My blog has been quiet lately, as there never seems to be enough hours in the day for it. However, I’ve been doing a lot of soul searching about my reading instruction and how to make it better and more efficient. I’ve immersed myself in the works of Donalyn Miller, Jen Serravallo, Mary Howard, Kylene Beers, Jan Richardson, and Lester Laminack. Their books, and daily social media posts, inspire me to be better. There comes a time in every educator’s career when they have to decide on which side of the line they stand when it comes to instruction. I’m at that point with mine. Stay tuned to hear about some of my changes.
In the meantime, one thing that I will not give up is reading to my students on a daily basis. I will fight for this opportunity.
So, here goes … 5 books I read to my students this week. Maybe you’ll find something that will work in your classroom.
A New Coat for Anna by Harriet Ziefert
This one has been around for a while, but it lends itself so well to our social studies standards about productive resources. It’s a sweet story about a little girl who needs a new coat. She and her mother barter various items over the course of a year to get the new coat made. It gives a lot of perspective for just how much work and resources are needed to make an item. Anna has such appreciation & joy for her new coat when it’s finally finished.
Encounter by Jane Yolen
My colleagues introduced me to this title for our standards about European explorers. This is a wonderful book about Christopher Columbus’s landing in San Salvador from a Taino boy’s perspective. He tries to warn his people about the newcomers who only appear to be interested in what they can take from his people. My class had a great discussion about perspective and inference after reading this text.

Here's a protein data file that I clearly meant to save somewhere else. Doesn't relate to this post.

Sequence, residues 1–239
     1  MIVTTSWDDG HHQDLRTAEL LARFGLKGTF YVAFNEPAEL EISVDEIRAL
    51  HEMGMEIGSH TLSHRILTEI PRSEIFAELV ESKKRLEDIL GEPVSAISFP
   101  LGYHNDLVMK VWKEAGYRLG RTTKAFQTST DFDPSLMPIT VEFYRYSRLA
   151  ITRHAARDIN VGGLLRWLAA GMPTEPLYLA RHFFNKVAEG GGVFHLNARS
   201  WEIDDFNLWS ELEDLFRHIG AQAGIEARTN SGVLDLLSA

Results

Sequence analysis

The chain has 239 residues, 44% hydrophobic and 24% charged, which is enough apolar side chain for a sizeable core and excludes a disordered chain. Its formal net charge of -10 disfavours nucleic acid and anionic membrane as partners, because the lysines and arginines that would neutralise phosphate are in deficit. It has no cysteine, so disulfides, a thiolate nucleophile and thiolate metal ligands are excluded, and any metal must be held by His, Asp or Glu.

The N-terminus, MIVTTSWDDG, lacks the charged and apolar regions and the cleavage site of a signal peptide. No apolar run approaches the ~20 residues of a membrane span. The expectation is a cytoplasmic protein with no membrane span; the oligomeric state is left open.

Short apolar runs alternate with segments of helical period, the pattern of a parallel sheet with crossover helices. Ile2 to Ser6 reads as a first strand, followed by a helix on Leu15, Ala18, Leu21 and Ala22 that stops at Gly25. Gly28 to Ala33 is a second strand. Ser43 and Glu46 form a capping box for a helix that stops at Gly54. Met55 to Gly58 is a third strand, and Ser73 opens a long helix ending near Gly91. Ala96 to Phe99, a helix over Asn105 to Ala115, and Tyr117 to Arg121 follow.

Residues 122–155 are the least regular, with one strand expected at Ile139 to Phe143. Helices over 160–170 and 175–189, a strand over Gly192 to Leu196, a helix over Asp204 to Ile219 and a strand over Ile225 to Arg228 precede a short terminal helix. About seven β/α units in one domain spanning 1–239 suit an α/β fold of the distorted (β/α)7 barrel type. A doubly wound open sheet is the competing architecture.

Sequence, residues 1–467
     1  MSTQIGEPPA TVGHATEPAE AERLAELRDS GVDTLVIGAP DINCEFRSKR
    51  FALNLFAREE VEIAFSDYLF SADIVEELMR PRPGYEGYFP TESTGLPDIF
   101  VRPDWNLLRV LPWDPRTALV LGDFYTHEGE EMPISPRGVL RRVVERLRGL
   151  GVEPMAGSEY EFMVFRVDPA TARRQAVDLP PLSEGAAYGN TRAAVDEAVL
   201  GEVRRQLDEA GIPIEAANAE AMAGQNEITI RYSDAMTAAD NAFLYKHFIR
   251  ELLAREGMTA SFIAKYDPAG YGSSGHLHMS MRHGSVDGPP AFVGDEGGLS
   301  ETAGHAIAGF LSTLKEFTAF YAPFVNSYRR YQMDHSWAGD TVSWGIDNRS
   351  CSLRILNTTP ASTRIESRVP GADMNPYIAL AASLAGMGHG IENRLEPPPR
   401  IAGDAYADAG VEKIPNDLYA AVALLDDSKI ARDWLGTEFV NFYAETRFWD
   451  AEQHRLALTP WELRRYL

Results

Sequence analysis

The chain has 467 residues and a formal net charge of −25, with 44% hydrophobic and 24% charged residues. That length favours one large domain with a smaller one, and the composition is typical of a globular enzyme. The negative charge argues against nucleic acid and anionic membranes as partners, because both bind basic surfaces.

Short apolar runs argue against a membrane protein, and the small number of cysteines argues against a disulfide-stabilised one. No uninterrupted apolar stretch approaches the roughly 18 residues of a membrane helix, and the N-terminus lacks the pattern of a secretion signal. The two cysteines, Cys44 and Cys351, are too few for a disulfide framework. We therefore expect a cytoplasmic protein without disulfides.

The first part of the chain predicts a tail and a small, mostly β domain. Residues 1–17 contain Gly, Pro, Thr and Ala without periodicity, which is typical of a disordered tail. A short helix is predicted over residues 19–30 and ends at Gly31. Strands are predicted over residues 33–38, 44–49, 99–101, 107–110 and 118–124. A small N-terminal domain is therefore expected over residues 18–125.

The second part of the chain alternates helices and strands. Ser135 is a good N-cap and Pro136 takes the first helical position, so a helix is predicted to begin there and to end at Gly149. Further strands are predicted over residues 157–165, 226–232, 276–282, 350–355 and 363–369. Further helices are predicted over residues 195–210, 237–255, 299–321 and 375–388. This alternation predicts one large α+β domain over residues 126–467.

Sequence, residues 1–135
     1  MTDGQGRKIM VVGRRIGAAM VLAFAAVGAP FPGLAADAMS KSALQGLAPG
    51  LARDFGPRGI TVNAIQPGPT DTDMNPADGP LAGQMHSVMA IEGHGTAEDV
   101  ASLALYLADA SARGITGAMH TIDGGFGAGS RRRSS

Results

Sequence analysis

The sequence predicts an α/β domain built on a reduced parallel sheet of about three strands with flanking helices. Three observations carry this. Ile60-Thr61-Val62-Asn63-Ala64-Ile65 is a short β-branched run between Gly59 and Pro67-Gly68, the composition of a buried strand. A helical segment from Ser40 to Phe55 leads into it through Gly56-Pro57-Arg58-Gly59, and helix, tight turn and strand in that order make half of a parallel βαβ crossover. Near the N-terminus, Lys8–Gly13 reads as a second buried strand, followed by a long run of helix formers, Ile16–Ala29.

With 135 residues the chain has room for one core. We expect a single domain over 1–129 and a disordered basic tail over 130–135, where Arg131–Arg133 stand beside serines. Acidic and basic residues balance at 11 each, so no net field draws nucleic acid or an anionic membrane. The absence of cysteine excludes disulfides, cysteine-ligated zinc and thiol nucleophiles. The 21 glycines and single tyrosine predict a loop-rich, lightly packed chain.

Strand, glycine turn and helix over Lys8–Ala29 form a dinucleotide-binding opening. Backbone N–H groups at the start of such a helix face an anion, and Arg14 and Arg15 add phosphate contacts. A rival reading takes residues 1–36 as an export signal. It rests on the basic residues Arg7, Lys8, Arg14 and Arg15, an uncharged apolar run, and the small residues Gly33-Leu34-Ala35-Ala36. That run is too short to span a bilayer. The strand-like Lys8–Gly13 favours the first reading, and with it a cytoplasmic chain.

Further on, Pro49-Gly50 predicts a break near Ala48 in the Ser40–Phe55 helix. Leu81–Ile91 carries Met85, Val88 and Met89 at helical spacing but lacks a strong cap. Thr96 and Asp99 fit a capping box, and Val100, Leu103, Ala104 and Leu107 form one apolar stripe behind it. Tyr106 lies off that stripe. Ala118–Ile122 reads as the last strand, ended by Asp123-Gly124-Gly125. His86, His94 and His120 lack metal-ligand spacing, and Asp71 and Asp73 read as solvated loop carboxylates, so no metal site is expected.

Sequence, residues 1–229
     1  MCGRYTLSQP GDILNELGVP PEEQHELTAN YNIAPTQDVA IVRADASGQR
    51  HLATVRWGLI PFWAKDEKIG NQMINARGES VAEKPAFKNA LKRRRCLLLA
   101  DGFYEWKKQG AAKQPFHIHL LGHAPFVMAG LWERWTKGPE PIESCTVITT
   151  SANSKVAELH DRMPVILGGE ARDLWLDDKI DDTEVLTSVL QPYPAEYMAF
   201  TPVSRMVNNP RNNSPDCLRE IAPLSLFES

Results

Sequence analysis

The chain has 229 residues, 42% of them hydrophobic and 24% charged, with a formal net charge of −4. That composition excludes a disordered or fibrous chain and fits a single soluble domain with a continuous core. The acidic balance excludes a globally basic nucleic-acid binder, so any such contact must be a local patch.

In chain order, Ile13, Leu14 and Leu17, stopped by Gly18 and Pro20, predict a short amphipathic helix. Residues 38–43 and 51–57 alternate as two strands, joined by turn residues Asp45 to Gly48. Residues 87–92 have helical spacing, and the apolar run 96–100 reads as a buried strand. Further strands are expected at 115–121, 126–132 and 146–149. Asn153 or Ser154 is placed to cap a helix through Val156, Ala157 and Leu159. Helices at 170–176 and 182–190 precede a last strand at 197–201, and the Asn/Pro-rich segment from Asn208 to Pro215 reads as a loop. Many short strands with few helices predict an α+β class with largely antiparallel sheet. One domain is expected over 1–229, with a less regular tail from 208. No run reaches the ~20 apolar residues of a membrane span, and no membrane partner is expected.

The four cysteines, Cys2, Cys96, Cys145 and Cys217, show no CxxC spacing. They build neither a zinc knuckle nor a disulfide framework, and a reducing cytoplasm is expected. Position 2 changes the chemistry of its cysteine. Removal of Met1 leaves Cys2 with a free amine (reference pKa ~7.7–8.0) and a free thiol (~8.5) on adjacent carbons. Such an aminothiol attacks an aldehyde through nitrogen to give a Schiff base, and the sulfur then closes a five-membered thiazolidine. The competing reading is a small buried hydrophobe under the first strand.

Last Stop on Market Street by Matt De La Pena
This is a book that I borrowed from my child’s personal library to share with my students. It’s about a little boy, CJ, who travels on the city bus with his grandma to the soup kitchen where they volunteer their time. CJ questions his grandma frequently about the things they don’t have. She gives him perspective and gently helps him to see and appreciate the simple beauties around them.
Perimeter, Area, and Volume: A Monster Book of Dimensions by David A. Adler
Who says a read aloud can’t be done during math? The author uses the premise of a 3-D monster movie to help teach measurement concepts for perimeter, area, and volume. The pictures are silly and this book is a lot of fun!
My Weird School Fast Facts: Explorers, Presidents, and Toilets by Dan Gutman
My students LOVE the My Weird School series! Finding this non-fiction text with familiar characters and humor was like striking gold for my kiddos. We only read the first chapter that related to Christopher Columbus & the Native Americans, and then I made it available in my classroom library. This book is a fun and goofy way to learn about parts of American history.